Sunday 25 January 2009

Enable Guest USB Access on VirtualBox

Although I have been using Linux exclusively for a long time now, there are still occasions where some pesky applications demand a Windows environment. For those rare moments, I have Windows XP installed as a guest OS on VirtualBox. VirtualBox is an absolutely wonderful virtualization tool that provides almost every function I need from a Windows box.

Recently however, I had to plug in a USB device to the Guest OS and I found out that the USB device menu is grayed out, preventing me from switching the device over from the host to the guest. I tried messing with the settings but none seemed to have an effect. A quick search of the internet revealed this article which worked like a charm!

First create a new group and add yourself to it
sudo groupadd usb
sudo usermod -G usb `whoami`

Find out the gid of the new group by running the following command
MYGID=`cat /etc/group | grep usb | awk -F ":" '{print $3}'`
Create a new entry in fstab
sudo echo "none /sys/bus/usb/drivers usbfs devgid=$MYGID,devmode=664 0 0" >> /etc/fstab
Restart the computer
sudo reboot

Now when you start VirtualBox, the USB devices can be freely assigned to the guest OS.

Monday 19 January 2009

Mobile Phone Management With Wammu

I recently needed to backup the contents of my Sony Ericsson K750i. Since the utilities provided with the phone only work on Windows, I had to hunt for a similar application for Linux.

Wammu is a GUI application that can be used to manage a vast number of mobile phones. It uses the Gammu utilities in the back-end and provides a nice GUI front-end to control every aspect of the mobile phone such as the Address book, Calendar, Task list, Call lists, Messages etc. A large number of mobile phones are supported by this tool, a comprehensive list can be found here. Phones can be connected either via USB, IrDA or Bluetooth.

The setup was straightforward.
sudo yum install wammu pybluez

The pybluez package is only required if you want to connect to the phone via bluetooth.

The GUI is quite easy to navigate through. Therefore I am not going to go in to specifics. A screenshot is more than enough to see how intuitive the interface is.

Thursday 1 January 2009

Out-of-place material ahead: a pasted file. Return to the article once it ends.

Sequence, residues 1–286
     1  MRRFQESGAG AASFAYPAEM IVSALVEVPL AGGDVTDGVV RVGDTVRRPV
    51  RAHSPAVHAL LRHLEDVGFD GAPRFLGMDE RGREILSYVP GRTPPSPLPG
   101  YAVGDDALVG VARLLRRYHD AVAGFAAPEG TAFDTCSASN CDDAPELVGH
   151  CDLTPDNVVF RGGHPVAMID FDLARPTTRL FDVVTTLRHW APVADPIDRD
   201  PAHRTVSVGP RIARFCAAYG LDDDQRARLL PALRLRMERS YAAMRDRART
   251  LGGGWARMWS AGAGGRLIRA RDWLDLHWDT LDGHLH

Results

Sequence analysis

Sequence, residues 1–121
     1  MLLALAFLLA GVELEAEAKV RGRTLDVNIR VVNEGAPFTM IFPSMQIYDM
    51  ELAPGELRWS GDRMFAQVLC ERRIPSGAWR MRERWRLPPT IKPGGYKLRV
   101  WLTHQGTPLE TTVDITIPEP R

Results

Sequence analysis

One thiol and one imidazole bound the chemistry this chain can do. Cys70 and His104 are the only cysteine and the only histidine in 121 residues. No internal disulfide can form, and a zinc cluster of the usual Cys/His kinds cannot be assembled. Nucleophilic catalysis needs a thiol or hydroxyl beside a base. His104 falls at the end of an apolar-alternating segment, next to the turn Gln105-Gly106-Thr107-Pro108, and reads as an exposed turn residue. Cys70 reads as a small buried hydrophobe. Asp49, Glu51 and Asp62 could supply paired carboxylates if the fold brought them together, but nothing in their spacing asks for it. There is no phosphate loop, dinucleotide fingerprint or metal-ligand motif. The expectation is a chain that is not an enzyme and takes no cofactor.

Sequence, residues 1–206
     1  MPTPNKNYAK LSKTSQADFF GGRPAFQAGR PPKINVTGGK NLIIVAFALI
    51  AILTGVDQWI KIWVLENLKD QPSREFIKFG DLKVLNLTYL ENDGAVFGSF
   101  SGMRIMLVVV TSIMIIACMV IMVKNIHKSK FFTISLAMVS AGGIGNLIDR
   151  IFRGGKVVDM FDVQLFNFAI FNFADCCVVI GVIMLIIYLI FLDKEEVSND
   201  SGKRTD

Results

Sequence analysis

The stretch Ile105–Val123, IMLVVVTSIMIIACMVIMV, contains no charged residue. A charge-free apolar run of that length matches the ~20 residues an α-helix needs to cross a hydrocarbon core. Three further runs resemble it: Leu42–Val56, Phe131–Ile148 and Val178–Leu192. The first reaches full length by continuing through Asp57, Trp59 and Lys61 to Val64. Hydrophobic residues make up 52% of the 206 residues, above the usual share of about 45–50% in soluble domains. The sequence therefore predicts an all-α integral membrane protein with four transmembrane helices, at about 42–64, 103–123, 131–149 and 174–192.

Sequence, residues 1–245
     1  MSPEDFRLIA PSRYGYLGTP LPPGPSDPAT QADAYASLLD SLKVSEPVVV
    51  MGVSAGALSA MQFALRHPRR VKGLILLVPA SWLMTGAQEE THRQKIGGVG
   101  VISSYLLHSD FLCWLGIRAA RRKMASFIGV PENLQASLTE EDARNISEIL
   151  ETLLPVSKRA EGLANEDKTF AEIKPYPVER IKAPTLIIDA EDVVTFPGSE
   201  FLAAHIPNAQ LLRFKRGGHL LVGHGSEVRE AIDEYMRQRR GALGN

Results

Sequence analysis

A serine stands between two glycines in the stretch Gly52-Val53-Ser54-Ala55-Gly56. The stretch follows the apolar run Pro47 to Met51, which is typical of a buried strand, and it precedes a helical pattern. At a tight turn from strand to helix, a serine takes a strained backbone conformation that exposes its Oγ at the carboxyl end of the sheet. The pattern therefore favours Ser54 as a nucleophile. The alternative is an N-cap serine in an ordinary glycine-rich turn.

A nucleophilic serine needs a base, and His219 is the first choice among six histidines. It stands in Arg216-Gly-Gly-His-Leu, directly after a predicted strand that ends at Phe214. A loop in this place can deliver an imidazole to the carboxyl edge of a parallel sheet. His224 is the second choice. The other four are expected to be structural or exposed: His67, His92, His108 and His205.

Fixing Bluetooth and PackageKit problems in Fedora 10

I began to suspect that something was wrong with the D-BUS permissions on my Fedora 10 system when I started getting the following error at the end of a Yum session:
ERROR:dbus.proxies:Introspect error on :1.46:/org/freedesktop/PackageKit: dbus.exceptions.DBusException: org.freedesktop.DBus.Error.AccessDenied: A security policy in place prevents this sender from sending this message to this recipient, see message bus configuration file (rejected message had interface "org.freedesktop.DBus.Introspectable" member "Introspect" error name "(unset)" destination ":1.46")

This seemed to have affected the Bluetooth daemon as well. No matter how I tried, I could not get bluetooth-properties to remember my preferences. My computer was not visible to other Bluetooth enabled devices and I could not browse my phone via Bluetooth. (It used to work flawlessly in Fedora 9). I diagnosed that the problem is with D-Bus by running the following command:
sudo bluetoothd -n -d
bluetoothd always terminated with the error:
Unable to get on D-BUS

I tried mucking around with D-Bus policy settings in /etc/dbus-1/system.d/ but had no luck until I came across this helpful post at FedoraForums.

After editing /etc/dbus-1/system.conf as mentioned, I restarted the computer and voila ! Bluetooth started working and yum stopped complaining !!

For completeness, this is the interesting bit from my new /etc/dbus-1/system.conf
<!-- allow sending valid replies -->
<!-- commented out part
<allow send_requested_reply="true" send_type="method_return"/>
<allow send_requested_reply="true" send_type="error"/>
<!-- Newly added line to fix permission problems -->
<allow send_requested_reply="true" />

Kudos to all the helpful people at Fedora Forums !